However, the effect depended on wavelength. The UV radiation that reaches the Earth contains wavelengths just shorter than the visible spectrum of light, and is classified into UV-A and UV-B. Lower-energy UV-A has a longer wavelength, while higher-energy UV-B has a shorter wavelength. In Darwin, smoke aerosols reduced UV-B radiation as much as 40 to 50 percent on the smokiest days. The same amount of smoke reduced UV-A only 20 to 25 percent. While the team had expected that UV-A effects would be smaller, they were surprised at the magnitude of the difference.

Kalashnikova said, “It’s very important to know how different wavelengths are affected.” UV-B light is responsible for sunburns and is linked to the development of certain skin cancers. Longer wavelength UV-A penetrates further into the skin and can damage collagen, connective tissue that provides skin with structure and elasticity.

Next, Mills and Kalashnikova hoped to compare their smoke results to dust events over the Australian desert. However, in Alice Springs, the team encountered a problem. “We couldn’t find any good dust events,” Kalashnikova said. Using MISR, Kalashnikova had searched for plumes of aerosols that had dust-like scattering properties, but even with a year of data to draw from, they found only a few days showing moderate dust storms over Alice Springs.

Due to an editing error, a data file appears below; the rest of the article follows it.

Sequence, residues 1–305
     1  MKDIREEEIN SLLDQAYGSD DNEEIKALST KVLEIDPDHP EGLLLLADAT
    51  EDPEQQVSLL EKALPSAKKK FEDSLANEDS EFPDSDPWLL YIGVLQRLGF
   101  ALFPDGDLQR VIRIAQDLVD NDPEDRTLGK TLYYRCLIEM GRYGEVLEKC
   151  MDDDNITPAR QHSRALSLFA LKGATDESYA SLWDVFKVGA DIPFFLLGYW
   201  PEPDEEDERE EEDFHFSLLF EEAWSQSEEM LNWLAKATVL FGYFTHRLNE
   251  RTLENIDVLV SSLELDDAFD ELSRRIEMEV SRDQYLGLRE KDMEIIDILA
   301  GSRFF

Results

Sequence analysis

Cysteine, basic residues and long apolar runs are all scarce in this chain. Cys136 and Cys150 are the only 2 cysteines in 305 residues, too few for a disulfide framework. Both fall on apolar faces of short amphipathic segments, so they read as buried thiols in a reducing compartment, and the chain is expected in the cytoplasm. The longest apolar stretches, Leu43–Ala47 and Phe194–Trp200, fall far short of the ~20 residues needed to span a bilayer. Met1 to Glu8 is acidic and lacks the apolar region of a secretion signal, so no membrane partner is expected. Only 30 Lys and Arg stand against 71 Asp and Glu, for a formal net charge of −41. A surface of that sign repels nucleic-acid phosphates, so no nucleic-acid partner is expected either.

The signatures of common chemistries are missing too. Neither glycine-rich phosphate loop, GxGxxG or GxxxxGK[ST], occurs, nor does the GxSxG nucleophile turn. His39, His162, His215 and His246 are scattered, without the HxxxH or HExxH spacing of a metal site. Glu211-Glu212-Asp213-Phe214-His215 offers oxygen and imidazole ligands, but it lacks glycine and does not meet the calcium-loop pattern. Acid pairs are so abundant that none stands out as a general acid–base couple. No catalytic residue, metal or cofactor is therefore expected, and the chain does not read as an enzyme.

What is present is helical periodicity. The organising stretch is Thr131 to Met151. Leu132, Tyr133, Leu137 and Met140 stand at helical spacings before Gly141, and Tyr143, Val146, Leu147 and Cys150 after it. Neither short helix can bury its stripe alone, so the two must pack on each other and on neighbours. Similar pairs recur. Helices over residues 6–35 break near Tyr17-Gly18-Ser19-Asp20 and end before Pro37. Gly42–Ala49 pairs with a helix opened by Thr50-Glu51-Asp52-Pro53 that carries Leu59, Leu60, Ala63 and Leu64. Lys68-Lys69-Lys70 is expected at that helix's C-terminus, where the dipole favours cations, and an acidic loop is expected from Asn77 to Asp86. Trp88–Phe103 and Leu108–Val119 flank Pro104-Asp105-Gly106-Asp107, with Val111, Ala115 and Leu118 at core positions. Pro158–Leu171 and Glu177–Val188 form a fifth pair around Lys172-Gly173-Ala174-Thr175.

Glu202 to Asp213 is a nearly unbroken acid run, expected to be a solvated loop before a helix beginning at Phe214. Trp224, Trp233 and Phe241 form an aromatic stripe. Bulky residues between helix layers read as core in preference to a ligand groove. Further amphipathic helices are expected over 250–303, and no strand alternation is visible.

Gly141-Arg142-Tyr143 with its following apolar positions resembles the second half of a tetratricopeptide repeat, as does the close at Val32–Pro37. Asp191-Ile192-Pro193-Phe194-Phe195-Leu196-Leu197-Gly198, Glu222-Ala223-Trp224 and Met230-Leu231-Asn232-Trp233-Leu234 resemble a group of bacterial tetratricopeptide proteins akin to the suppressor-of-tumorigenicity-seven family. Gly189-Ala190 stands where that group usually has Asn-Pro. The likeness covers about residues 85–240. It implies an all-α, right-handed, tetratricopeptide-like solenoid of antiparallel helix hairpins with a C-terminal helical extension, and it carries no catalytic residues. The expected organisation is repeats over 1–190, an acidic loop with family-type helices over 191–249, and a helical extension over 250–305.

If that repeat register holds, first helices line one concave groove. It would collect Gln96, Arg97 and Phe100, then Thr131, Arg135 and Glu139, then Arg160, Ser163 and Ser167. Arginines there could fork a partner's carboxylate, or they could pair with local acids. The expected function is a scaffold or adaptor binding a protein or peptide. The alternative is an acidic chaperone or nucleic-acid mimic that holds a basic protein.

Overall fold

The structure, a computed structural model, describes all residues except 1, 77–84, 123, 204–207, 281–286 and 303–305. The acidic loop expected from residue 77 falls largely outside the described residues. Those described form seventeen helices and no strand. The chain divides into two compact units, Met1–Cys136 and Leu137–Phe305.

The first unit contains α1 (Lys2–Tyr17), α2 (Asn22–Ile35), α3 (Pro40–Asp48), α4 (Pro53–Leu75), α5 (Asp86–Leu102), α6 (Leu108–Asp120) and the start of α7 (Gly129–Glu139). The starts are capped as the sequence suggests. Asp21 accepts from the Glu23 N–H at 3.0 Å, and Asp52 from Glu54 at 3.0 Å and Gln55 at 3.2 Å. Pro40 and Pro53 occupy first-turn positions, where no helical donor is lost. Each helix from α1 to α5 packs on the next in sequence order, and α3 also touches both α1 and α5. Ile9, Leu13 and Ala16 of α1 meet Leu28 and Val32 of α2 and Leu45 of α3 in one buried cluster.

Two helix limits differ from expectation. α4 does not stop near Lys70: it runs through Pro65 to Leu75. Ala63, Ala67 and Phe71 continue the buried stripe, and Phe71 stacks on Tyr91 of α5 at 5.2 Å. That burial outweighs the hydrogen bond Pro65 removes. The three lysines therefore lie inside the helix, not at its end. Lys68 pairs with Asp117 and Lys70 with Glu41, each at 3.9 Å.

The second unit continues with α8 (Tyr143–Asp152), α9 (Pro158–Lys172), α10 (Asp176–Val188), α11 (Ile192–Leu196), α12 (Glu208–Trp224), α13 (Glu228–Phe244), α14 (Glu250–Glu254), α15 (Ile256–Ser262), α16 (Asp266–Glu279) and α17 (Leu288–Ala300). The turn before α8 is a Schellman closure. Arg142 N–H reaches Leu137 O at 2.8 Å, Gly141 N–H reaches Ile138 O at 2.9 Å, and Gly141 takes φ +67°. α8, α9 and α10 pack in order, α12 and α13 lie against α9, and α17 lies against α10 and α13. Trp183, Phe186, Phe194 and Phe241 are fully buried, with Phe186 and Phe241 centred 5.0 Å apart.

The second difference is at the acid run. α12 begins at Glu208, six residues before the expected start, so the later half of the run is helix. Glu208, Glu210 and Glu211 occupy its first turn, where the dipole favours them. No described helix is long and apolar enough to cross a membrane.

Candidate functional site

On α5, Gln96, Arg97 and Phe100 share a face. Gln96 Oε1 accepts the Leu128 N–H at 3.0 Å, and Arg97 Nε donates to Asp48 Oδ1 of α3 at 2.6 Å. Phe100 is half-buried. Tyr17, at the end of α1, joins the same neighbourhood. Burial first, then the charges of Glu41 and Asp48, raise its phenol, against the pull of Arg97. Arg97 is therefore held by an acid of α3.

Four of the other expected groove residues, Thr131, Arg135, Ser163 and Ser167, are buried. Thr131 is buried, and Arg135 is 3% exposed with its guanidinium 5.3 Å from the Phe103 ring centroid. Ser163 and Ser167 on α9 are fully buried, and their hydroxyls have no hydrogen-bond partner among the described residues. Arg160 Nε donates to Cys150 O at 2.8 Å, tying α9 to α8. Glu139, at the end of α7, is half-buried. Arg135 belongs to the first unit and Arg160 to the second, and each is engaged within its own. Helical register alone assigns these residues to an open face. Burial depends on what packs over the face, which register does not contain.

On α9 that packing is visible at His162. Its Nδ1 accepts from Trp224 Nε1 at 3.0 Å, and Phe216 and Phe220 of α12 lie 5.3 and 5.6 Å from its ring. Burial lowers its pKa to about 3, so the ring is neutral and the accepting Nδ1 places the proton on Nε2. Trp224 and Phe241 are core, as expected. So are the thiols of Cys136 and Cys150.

“A big part of Australia is covered by desert,” Kalashnikova said. “In theory you would expect a lot of dust there.” But even though the deserts around Alice Springs spewed up the occasional dust storm, very little dust reached their study site. “In our study, not much dust was transported outside of smaller dusty regions,” Kalashnikova said.

The dearth of dust storms proved a setback in comparing the two aerosol types, but Kalashnikova said that it was a fascinating finding in itself. “It’s interesting because Australia was thought to produce a lot of dust,” she said. However, the study showed that, unlike Africa, where huge desert storms regularly send plumes of mineral dust thousands of miles across the Atlantic Ocean, Australian dust storms may often be confined to smaller areas.

Even without major dust events to draw from, the Alice Springs data suggested that dust aerosols were not as opaque to UV as smoke was. Kalashnikova said she hopes to repeat the experiment in a dustier location.

A global interest

Australia’s unusually strong sunlight has created a national interest in exploring the factors that affect UV radiation. Mills said, “Interest on UV radiation levels within Australia is driven primarily by health concerns.”